Notre Dame to become ACC's 15th member
SEP 12, 2012 10:08a ET
Notre Dame will join the Atlantic Coast Conference as a full member for every sport except for football as soon as it leaves the Big East Conference. The Fighting Irish will remain independent in football, but will play five games annually against ACC opponents, facing each ACC member at least once every three years. The Irish will also have access to the ACC's non-BCS bowl tie-ins, Notre Dame athletic director Jack Swarbrick said in a statement.
The ACC's Council of Presidents unanimously accepted the Fighting Irish as the league's 15th member.
"We are committed to keeping the Atlantic Coast Conference a vibrant and competitive league dedicated to ensuring the appropriate balance of academics, athletics and integrity," the ACC Council of Presidents said in a joint statement Wednesday. "The addition of Notre Dame further strengthens the rich tradition and culture of the ACC as well as allowing for future academic collaboration and we enthusiastically welcome them into the league."
The timing of the impending realignment remains unclear. To exit the Big East, Notre Dame is required to give new conference commissioner Mike Aresco prior notice of 27 months and a $5 million exit fee, although ESPN reporter Brett McMurphy, who first broke the story, reports the school could negotiate an earlier exit.
Notre Dame President, Rev. John I. Jenkins, noted the academic and athletic similarities for his school and the conference.
"The ACC is composed of some of the most highly respected universities in the country, and we at Notre Dame look forward to joining them," Jenkins said in a press release.
In addition to Notre Dame's entrance, conference commissioners voted to raise the ACC's exit fees to $50 million.
This is the sixth Big East institution that has defected to the ACC since 2003. Miami, Virginia Tech and Boston College joined the league in the first wave of ACC expansion last decade beginning with the 2004-2005 academic year. This past year, Syracuse and Pittsburgh announced they would join the conference beginning in 2013.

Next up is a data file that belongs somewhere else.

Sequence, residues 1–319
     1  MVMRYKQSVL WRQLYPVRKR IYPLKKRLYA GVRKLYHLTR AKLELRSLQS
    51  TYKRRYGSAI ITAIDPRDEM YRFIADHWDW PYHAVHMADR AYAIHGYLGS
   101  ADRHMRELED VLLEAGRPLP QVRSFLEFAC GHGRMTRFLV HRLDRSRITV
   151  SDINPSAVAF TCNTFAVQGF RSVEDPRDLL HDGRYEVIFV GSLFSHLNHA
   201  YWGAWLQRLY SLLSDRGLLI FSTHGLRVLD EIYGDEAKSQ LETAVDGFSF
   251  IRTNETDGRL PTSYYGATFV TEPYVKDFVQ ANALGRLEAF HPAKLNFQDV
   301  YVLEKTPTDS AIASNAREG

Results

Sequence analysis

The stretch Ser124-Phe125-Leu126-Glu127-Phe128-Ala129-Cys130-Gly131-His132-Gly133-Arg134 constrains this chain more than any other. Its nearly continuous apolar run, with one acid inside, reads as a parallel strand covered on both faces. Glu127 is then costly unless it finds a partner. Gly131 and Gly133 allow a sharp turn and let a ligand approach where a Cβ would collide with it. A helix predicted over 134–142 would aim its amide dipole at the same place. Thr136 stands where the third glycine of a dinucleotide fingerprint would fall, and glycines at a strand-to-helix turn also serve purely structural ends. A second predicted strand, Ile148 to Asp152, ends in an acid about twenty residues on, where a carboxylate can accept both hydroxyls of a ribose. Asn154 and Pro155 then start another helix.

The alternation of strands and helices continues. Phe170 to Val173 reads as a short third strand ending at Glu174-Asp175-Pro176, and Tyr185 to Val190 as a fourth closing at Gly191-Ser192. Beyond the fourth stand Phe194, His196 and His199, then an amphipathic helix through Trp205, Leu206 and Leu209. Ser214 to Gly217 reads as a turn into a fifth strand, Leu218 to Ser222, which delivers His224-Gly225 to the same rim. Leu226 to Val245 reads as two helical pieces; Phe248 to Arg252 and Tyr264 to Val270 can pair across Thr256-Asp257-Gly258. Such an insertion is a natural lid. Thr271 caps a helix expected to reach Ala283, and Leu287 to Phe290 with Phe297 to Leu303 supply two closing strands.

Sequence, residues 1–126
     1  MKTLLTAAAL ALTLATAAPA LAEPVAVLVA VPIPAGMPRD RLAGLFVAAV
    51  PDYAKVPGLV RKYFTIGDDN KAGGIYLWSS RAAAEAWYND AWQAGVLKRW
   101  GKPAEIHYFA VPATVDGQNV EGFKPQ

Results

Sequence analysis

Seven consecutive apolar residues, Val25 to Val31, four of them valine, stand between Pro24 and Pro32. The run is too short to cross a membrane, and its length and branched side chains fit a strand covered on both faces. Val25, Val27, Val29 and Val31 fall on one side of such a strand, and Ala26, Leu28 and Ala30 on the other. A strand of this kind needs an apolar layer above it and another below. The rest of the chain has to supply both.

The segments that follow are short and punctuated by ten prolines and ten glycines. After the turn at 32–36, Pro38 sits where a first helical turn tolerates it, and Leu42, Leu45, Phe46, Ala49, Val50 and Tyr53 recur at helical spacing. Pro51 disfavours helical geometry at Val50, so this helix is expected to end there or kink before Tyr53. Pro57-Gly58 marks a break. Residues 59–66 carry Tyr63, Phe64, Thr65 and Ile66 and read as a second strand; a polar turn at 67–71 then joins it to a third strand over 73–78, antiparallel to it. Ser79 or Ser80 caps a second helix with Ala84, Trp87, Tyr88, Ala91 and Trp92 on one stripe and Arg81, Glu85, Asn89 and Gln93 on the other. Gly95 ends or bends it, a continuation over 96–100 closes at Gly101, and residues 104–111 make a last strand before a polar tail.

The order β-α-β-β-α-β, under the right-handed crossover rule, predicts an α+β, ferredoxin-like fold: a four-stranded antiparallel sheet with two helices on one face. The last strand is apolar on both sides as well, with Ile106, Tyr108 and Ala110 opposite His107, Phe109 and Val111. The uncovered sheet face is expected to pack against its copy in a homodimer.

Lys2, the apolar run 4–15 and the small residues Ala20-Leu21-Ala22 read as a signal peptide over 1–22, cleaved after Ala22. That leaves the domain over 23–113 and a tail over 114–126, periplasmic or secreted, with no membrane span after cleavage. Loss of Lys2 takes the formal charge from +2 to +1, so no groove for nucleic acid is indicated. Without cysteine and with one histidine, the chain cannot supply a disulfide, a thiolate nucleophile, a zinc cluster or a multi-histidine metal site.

Syracuse and Pittsburgh each negotiated early exits for a $7.5 million fee.
The Irish already have four future ACC opponents — Boston College, Miami, Pittsburgh and Wake Forest — on their schedule this fall. Terms of the ACC's new TV deal with ESPN -- a 15-year deal worth $3.6 billion -- could also change due to the expansion. The deal was announced in May following the defections of Pittsburgh and Syracuse.
Notre Dame announced the move will not affect the school's lucrative TV deal with NBC.
"Today is a great day for the University of Notre Dame and our athletics department, including the football program," said coach Brian Kelly. "Speaking strictly from a football standpoint, we have further solidified our future as an independent in college football, maintained our unique ability to schedule nationally and greatly improved our postseason bowl game options. I applaud Father Jenkins and Jack Swarbrick for this move. They have set our entire athletics department up for great success in the future."
Notre Dame athletic director Jack Swarbrick said the institution, as was long rumored, had monitored the landscape of conference expansion for a long time. He said the Atlantic Coast Conference was the best fit.
"We are able to maintain our historic independence in football, join in the ACC's non-BCS bowl package, and provide a new and extremely competitive home for our other sports."
Information from the Associated Press was used in this report.
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